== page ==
• There thus remains a need for an improved safety garment that is more durable and less prone to particulate shedding. There is also a need for protective garments to which personal dosimeter devices and other monitoring equipment can be effectively attached, as well as a garment that can be removed quickly and easily, and withstands high-wear regions such as elbows and knees. The present disclosure addresses these needs.
  • SUMMARY
  • The present disclosure relates to a disposable clean room safety garment, including at least one sheet of nonwoven fabric having at least one cut edge, a plurality of stitches formed in the sheet(s) of nonwoven fabric to define a garment; and hemming formed at cut edges. The nonwoven fabric is preferably formed from spunbond/melt blown material. The stitching is characterized by an optimized stitch density of between ten and twelve stitches per inch. The garment includes at least one dosimeter attachment feature for holding or attaching one or more dosimeters to the garment. These may be positioned to allow the wearer to grasp them and tear open certain seams or otherwise remove the garment.
  • One object of the present invention is to provide an improved safety garment. Related objects and advantages of the present invention will be apparent from the following description.
  • BRIEF DESCRIPTION OF THE DRAWINGS
  • FIG. 1 is a perspective view of a safety garment in a first embodiment.
  • FIG. 2 is an enlarged exploded partial view of a hemmed edge of the embodiment of FIG. 1.
  • FIG. 3 is a perspective view of a safety garment in a second embodiment of the disclosed technology.
  • FIG. 4 is a perspective view of a safety garment in a third embodiment of the disclosed technology.
  • FIG. 5 is a perspective view of a safety garment in a fourth embodiment of the disclosed technology.
  • FIG. 6 shows a protective garment according to a fifth embodiment of the disclosed technology.
  • FIG. 7 shows a protective garment according to a sixth embodiment of the disclosed technology.
  • FIG. 8 shows a closure for a protective garment according to a seventh embodiment of the disclosed technology.
  • DESCRIPTION
  • For the purposes of promoting an understanding of the principles of the disclosure and presenting its currently understood best mode of operation, reference will now be made to the embodiments illustrated in the drawings and specific language will be used to describe the same. It will nevertheless be understood that no limitation of the scope of the invention is thereby intended, with such alterations and further modifications in the illustrated embodiments and such further applications of the principles of the invention as illustrated therein being contemplated as would normally occur to one skilled in the art.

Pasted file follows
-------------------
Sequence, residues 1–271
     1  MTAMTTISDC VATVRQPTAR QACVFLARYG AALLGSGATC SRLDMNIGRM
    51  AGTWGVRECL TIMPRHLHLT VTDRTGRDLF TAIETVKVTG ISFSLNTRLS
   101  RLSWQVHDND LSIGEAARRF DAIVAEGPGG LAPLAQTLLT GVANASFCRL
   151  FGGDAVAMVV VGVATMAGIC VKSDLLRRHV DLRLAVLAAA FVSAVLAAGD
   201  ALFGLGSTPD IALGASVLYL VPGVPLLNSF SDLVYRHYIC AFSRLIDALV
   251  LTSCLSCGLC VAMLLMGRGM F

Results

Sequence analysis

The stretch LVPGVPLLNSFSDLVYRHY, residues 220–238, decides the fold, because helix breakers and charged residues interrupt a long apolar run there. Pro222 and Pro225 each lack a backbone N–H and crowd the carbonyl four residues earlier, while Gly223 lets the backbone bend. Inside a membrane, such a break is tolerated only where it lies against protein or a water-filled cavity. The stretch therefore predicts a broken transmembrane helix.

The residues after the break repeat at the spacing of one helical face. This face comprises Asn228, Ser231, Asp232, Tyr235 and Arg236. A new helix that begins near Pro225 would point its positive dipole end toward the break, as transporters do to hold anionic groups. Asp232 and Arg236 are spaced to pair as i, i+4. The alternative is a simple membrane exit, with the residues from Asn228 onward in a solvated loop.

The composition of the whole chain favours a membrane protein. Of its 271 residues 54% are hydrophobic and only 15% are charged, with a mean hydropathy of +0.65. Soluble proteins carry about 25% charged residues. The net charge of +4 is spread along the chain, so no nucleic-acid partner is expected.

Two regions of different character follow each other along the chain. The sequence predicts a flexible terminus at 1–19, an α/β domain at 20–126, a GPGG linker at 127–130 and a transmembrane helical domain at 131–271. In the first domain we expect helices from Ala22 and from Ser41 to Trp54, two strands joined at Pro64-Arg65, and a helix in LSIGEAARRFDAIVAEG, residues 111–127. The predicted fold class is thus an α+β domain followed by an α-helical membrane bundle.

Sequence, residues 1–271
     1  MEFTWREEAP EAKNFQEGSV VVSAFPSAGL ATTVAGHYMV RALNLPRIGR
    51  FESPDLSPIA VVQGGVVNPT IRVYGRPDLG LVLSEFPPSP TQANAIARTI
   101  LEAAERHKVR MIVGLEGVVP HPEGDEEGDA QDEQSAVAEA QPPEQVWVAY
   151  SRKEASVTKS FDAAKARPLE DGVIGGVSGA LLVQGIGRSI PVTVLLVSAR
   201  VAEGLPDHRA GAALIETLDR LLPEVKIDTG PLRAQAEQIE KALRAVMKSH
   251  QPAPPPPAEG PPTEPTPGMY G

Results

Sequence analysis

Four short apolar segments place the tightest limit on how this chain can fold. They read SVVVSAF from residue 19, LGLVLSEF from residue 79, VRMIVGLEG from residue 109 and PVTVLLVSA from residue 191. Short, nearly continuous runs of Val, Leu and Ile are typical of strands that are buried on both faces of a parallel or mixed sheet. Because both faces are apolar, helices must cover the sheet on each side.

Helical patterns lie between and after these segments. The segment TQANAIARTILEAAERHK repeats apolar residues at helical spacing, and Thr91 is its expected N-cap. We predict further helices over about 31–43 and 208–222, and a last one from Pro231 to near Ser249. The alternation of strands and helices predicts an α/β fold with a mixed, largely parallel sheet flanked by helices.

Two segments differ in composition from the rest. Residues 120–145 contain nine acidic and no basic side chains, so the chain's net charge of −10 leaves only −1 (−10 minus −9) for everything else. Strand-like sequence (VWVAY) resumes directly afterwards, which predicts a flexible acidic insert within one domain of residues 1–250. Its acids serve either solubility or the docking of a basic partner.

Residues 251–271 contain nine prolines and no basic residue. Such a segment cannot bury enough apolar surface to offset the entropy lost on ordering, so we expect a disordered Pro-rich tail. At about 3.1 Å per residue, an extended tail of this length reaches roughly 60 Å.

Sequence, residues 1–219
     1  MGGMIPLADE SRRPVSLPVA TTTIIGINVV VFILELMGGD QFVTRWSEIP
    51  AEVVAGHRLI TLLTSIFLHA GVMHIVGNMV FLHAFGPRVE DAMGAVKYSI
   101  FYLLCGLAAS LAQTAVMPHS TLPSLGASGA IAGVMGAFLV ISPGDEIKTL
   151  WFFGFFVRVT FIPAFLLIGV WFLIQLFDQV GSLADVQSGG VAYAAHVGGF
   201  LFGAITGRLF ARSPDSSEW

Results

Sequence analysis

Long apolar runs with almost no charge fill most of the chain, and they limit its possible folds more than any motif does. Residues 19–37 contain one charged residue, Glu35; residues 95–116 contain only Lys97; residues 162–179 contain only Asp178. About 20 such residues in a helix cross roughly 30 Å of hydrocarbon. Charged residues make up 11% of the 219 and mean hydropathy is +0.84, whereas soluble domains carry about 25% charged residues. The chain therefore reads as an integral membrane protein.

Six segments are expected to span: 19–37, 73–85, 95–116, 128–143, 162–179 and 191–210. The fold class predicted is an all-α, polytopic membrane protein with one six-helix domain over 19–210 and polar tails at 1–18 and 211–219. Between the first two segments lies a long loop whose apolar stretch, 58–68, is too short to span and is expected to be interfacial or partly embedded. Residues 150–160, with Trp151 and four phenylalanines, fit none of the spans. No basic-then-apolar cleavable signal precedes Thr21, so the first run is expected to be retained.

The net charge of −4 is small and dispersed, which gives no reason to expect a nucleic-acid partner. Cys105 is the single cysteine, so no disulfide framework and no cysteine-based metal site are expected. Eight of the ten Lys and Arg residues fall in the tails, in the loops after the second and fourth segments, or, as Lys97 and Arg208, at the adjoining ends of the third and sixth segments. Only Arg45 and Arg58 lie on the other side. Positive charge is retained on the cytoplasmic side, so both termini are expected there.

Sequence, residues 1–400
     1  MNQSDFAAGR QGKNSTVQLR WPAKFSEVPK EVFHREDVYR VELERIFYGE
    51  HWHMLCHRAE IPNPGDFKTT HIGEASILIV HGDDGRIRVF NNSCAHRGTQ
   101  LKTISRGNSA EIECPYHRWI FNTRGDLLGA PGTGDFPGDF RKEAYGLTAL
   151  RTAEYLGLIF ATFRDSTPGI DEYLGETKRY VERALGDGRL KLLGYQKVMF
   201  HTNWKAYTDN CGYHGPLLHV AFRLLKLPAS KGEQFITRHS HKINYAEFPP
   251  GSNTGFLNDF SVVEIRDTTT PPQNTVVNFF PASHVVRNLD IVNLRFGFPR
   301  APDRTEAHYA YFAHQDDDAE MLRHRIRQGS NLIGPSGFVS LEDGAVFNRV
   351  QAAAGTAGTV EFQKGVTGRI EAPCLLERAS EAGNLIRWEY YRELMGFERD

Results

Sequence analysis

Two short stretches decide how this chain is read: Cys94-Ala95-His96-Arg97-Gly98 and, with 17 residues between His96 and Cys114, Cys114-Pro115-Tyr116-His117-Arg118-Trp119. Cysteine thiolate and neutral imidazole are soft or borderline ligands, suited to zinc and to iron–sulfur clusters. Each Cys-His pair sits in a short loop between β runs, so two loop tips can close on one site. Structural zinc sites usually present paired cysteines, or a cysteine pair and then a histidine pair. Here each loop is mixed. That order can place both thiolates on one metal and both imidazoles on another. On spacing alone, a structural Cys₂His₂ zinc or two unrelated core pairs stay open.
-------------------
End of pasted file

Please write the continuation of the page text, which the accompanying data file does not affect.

• FIGS. 1 and 2 illustrate a first embodiment of the disclosed technology, a reduced particulate shedding disposable nonwoven safety garment 10. In this embodiment, safety garment 10 is formed as a smock. Safety garment 10 is preferably made from spunbond/melt blown/melt blown/spunbond (SMMS) material, spunbond/melt blown/spunbond (SMS) material, or the like, and includes double-folded and hemmed edges 12. The edges 12 are folded such that all cut edges of the non-woven material are double-folded under so as not to be exposed. Non-exposure of the edges 12 thus greatly reduces the potential for generation of shed particles where the material was cut. The seams 16 are stitched with an optimization of the number of stitches per inch (SPI), increased to 10-12 SPI over the standard 6-8 SPI. Stitch densities of 10-12 SPI have been found to be better than the lower range, as densities greater than 12 SPI weaken the non-woven material via excessive perforation and those less than 10 SPI provide a looser and weaker hem, such that particulate shedding is not minimized.
  • FIG. 3 illustrates a second embodiment of the present invention, a jumpsuit 14 made from spunbond/melt blown/melt blown/spunbond (SMMS) material, spunbond/melt blown/spunbond (SMS) material, or the like. The jumpsuit 14 includes twice-folded and hemmed edges 12. As in the first embodiment, the edges 12 are folded such that all cut edges of the non-woven material are double-folded under so as not to be exposed. The seams 16 in this embodiment are stitched with an increased stitch density of 10-12 SPI over the standard 6-8 SPI. The garment also includes foot coverings 18 that are preferably stitched to the garment but may alternately be individually formed and attached, such as by an elastic band stitched into the hem at the foot opening. The garment 14 further includes an excess of material in the armpit 20 and groin/seat area 22, to minimize the risk of accidental tearing that might generate additional particulate matter that enters into the environment, and might expose the wearer to environmental hazards.